I am a beginner.
Sure, I've been involved in some sort of Martial Art since I was 8 years old and I'm 38 now. But, in my mind I'm still a beginner. Beginner's don't have to be cool or claim to know everything. Beginner's don't get uptight when they make a mistake. Beginner's are always learning. They seem to have more fun, too. They aren't overly critical of themselves. They don't classify themselves as "good" or "bad." They are simply a beginner... someone who is in the present and there to learn. Beginner's love what they do regardless of how well they do it. Or, should I say, beginner's love unconditionally.
This concept of being a beginner is really a mindset, a "beginner's mind." By adopting a beginner's mind, it opens you to learning without ego getting in the way. So often, as adults, we tell ourselves, "I know this! I should have done better! Anything I do should be done well or not done at all. Or, this is how I've always done it." A beginner's mind means temporarily throwing out all of your opinions, beliefs, logic and reason just for the sake of learning.
It is okay to say, "I don't know." For this is the first step in learning something new. In the martial arts, an "I don't know" mind is the wisdom of the warrior. We don't allow ourselves to say "I don't know" often enough. This is because we always know, or we always think we know. Most of the time when we think we know, we don't really know at all. All we know are our past impressions of the situation that is happening now, the conclusions we came to in the past or judgments about similar events or circumstances that happened to us before. "I Don’t know" means keeping an open mind and responding according to circumstances, not according to how we assume things will be.
Being a beginner means letting go of being an expert. We are all experts in something. We may think we are experts in our job, in raising children, in cooking a certain meal or in how we communicate with others. It’s difficult to let go of being an expert. Doing so means confessing that we really don't know anything. What we know belongs to the past. But this moment is new and offers its unique challenges. If I let go of being an expert, I can listen to others with an open mind. Then I can find that even a beginner has something to teach me.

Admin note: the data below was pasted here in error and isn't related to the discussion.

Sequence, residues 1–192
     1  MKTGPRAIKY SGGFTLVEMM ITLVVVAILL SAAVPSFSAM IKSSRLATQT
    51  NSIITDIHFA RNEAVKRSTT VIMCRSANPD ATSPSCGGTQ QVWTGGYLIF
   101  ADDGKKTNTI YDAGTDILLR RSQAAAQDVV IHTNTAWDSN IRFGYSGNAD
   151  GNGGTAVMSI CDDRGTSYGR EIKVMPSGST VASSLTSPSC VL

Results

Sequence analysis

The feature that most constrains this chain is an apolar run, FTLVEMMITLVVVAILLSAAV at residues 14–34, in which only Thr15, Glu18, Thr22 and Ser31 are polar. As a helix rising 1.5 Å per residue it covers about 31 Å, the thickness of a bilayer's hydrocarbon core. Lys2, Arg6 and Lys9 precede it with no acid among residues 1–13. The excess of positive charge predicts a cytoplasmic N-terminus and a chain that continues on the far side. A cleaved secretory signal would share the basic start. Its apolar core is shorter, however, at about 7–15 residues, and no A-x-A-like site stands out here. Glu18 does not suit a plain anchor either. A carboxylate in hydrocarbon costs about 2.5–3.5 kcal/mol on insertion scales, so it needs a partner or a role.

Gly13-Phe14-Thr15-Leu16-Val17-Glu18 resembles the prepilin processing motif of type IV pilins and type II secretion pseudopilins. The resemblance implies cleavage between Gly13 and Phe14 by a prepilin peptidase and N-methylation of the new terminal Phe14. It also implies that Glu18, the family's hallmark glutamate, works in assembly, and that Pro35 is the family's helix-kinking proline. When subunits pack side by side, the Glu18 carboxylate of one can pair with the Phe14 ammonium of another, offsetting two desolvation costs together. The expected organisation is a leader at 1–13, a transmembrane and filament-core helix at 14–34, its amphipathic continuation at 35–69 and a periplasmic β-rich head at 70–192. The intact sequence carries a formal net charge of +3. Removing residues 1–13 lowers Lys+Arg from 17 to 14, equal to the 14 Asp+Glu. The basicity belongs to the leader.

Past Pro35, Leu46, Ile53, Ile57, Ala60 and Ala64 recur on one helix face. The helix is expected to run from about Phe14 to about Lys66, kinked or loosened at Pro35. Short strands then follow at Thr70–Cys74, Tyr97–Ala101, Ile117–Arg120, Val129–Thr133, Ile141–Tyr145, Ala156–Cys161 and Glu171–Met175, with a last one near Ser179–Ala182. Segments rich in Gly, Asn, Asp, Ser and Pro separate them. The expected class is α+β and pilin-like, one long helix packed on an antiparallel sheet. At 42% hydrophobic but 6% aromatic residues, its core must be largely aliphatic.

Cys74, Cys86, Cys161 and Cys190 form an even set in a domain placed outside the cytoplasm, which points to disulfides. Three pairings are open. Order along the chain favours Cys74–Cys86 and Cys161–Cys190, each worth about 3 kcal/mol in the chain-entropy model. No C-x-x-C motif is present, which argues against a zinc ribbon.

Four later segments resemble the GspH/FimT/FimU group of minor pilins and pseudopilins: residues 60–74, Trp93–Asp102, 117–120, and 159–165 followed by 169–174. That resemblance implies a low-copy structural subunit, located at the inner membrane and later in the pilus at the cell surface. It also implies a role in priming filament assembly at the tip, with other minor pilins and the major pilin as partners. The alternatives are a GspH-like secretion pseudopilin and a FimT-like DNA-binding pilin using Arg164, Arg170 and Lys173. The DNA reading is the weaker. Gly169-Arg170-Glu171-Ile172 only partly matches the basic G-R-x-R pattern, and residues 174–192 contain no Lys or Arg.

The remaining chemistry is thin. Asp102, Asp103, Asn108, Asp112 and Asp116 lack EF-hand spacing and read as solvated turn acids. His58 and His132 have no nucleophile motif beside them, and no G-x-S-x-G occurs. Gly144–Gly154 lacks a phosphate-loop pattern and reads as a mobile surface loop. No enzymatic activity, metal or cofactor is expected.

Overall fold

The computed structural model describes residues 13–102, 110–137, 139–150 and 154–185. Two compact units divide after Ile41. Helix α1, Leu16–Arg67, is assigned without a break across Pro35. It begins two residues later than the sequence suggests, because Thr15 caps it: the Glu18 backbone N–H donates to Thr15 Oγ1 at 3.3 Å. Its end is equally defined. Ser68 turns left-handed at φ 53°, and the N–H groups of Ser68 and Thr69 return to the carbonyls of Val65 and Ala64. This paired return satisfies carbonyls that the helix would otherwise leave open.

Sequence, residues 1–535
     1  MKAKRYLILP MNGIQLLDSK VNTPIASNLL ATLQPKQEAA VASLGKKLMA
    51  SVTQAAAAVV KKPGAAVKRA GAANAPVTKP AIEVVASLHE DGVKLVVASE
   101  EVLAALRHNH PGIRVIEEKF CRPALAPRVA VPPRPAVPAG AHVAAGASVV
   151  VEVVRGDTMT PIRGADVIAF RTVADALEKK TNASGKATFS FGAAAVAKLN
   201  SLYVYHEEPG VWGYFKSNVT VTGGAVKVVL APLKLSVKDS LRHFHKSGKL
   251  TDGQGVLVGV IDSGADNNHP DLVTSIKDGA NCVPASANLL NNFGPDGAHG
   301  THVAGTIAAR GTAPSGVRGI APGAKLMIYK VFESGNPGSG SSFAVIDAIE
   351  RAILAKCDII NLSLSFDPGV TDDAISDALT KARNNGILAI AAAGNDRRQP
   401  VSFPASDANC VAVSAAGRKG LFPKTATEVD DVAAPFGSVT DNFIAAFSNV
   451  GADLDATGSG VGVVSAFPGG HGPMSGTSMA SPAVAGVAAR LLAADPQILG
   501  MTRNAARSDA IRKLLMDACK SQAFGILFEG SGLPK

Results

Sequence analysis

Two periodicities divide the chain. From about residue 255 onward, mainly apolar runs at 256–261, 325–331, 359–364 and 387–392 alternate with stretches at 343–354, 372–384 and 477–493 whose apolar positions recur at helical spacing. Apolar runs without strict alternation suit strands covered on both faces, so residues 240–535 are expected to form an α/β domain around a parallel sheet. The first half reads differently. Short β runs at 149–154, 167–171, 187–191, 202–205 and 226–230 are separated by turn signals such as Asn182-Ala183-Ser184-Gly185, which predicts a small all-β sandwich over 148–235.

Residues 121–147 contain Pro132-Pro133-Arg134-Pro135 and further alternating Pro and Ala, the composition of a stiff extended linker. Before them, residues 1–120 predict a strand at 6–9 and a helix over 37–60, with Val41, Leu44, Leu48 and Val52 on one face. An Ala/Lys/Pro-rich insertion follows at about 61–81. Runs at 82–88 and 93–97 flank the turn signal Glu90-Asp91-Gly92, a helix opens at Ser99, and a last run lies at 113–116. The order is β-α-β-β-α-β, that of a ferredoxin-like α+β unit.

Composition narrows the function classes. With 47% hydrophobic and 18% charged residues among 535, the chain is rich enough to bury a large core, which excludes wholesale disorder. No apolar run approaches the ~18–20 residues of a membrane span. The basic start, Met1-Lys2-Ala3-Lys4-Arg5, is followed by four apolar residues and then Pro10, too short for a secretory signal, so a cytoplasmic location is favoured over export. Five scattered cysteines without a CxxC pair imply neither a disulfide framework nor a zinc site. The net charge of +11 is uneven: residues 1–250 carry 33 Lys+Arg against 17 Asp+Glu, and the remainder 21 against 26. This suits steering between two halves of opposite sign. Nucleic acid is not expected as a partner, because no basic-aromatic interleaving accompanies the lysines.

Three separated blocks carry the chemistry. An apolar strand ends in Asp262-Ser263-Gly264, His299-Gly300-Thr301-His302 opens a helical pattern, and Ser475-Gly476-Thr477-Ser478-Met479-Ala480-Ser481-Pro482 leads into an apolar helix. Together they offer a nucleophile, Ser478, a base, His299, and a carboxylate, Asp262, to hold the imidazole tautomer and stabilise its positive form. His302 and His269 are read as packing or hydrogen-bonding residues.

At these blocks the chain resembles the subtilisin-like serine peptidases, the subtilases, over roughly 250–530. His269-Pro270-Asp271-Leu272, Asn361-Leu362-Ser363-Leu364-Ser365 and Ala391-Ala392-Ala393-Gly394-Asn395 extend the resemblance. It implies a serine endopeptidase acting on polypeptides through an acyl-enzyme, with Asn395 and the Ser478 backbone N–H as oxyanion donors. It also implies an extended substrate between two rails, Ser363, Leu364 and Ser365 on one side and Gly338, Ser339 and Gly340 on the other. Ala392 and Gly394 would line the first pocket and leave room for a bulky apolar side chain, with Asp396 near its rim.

Beginners aren't afraid to fail. When we were children we were always starting something new. Then, as we go through our twenties, thirties, and further, we become more hesitant about being a beginner again. Why? Maybe it's because we don’t want to look silly when we fail. Having a Beginner's mind means it's okay to fall down, it's okay to fail and it's okay to laugh at ourselves when we make mistakes. Tell yourself (and others if they are watching), "I'm a beginner!" Then get up, dust yourself off, smile and immerse yourself in learning something new.
A beginner's mind can transform the way one experiences life. It opens your mind to new possibilities and makes life fun.
In the next section, I list some thoughts to meditate on to help maintain a beginner's mind.
“In the beginner’s mind there are many possibilities, but in the expert’s there are few.”
– Zen Master Shunryo Suzuki
A Zen story about having a Beginner's Mind:
A professor once visited a Japanese master to inquire about Zen. The master served tea. When the visitor’s cup was full, the master kept pouring. Tea spilled out of the cup and over the table.
“The cup is full!” said the professor. “No more will go in!”
“Like this cup,” said the master pointing to the professor, “You are full of your own opinions and speculations. How can I show you Zen unless you first empty your cup?”
Meditate on this concept: What would it mean if we were able to approach everything in our lives with beginner's mind? Are there objects, people, or situations that you tend to react to "automatically," as if you already know what they are?
Vashon Borich-Leach, Sensei teaches traditional karate and tai chi in Branson, Missouri. She considers herself a life-time student of the arts. Her blog is an open journal of lessons learned in the martial arts. If you are a martial artist and would like to contribute to her blog please contact her.
©2012 Branson Karate & Kobudo™